The FAMCare Blog

Teachers... Unappreciated and Under Compensated

Posted by George Ritacco on Aug 17, 2016 9:00:00 AM


Much of the current political debate centers around:

  • The loss of jobs and opportunities for the middle class-
  • Whether college should be free for all Americans-
  • How the Millennials can be expected to pay back the $ 1.3 trillion of college debt they have accumulated when they are left to default to jobs in McDonald’s-
  • The job flight to third world countries causing the plight of our rust belt industrial inner cities-
  • The cycle of crime and destitution that imprisons undereducated minorities-


An important element of “the American Dream” is that a quality education is a fundamental right and an essential component of individual and communal success.

“For generations, education has been the springboard to opportunity in America.”

This is the widely held belief that has motivated the Bill and Melinda Gates Foundation to invest billions in an effort to improve public education.


However, statistics prove that while we think education is valuable, we don’t think our teachers are worth very much.

Between 1996 and 2015 (19 years) public school teachers saw their pay decrease by $30 a week while the weekly pay for college graduates overall grew by more than $100.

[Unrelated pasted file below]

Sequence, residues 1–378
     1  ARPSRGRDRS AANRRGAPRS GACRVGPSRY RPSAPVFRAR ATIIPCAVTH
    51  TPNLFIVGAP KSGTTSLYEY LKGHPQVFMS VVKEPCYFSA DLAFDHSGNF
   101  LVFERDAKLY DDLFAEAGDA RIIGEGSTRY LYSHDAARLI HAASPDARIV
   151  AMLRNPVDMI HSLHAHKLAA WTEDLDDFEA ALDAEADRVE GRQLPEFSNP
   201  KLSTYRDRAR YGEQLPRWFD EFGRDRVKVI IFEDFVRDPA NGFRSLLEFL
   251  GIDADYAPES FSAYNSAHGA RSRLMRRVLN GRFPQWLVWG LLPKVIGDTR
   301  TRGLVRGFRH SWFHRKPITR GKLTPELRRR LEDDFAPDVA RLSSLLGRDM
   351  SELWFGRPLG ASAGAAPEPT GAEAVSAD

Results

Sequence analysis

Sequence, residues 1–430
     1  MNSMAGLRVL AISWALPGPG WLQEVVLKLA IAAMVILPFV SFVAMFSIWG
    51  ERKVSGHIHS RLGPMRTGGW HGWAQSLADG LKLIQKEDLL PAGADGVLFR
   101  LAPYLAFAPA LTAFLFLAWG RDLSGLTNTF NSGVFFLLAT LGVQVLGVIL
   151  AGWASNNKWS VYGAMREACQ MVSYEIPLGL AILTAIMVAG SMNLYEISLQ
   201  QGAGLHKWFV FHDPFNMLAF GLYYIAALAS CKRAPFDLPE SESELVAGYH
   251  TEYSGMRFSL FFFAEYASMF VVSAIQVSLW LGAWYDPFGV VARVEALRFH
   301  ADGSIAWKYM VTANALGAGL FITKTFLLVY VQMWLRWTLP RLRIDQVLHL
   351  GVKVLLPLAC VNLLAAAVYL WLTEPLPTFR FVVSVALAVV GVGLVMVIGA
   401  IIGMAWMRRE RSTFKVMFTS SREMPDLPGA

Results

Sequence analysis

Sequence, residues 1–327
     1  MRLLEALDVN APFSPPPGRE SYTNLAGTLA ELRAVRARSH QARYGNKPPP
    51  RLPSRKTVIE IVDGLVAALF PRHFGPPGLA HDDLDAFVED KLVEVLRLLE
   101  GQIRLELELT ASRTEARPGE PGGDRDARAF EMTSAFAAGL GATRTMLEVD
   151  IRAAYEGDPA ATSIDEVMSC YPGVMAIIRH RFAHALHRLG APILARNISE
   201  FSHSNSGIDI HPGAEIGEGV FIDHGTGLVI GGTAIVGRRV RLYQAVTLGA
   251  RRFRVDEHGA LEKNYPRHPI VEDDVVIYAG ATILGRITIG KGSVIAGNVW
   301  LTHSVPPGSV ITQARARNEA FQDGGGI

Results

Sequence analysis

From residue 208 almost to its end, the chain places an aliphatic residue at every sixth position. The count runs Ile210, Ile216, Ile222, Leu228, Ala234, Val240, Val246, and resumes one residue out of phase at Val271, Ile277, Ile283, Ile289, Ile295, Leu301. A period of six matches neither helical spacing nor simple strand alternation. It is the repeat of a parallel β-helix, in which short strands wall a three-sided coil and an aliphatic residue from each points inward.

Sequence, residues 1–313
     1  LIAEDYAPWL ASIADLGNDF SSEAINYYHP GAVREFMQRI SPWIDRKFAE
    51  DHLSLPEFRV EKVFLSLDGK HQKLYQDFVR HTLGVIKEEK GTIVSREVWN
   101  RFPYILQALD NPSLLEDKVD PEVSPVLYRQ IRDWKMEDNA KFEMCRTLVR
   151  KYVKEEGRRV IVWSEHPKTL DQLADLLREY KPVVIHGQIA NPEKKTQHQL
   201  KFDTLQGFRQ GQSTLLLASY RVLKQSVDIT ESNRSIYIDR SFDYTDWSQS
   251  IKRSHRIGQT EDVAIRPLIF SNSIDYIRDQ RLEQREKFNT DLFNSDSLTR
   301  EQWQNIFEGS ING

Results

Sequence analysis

In 1960, female teachers earned almost 15% more than their peers in other fields; by 2015, they were earning 14% less.

Teachers on the whole are paid 11% to 12 % less than comparable positions requiring a college degree.

According to a recent study by the National Association of Colleges and Employers, the teaching profession has an average national starting salary of $30,377. NACE finds that other college graduates who enter fields requiring similar training and responsibilities start at higher salaries:

  • Computer programmers start at an average of $43,635.
  • Public accounting professionals at $44,668, and
  • Registered nurses at $45,570.

In our society, compensation stands as a critical measure of value and importance. Noncompetitive pay is more than just an economic issue; it’s a statement of how much we respect teachers.  


Schools are deeply concerned with the quality of their teachers, but quality is difficult to discern when hiring a new teacher. An effective teacher is one who can energize and motivate students in addition to imparting information – qualities that are hard to recognize at the hiring stage. Schools may desire a higher level of expertise, but they are reluctant to pay the salaries necessary to obtain it because of the difficulty of identifying quality teachers.


For most of U.S. history, the nation has been able to operate schools at low cost by exploiting the trapped labor force of educated women who had few other opportunities. Now schools must compete with other mentally and financially rewarding occupations as they recruit teachers. Surely it is immoral for us to shortchange our schools because we cannot face the fact that the days of exploitation are over, and we won’t pay enough to attract good teachers.


Topics: Special Reports, Government

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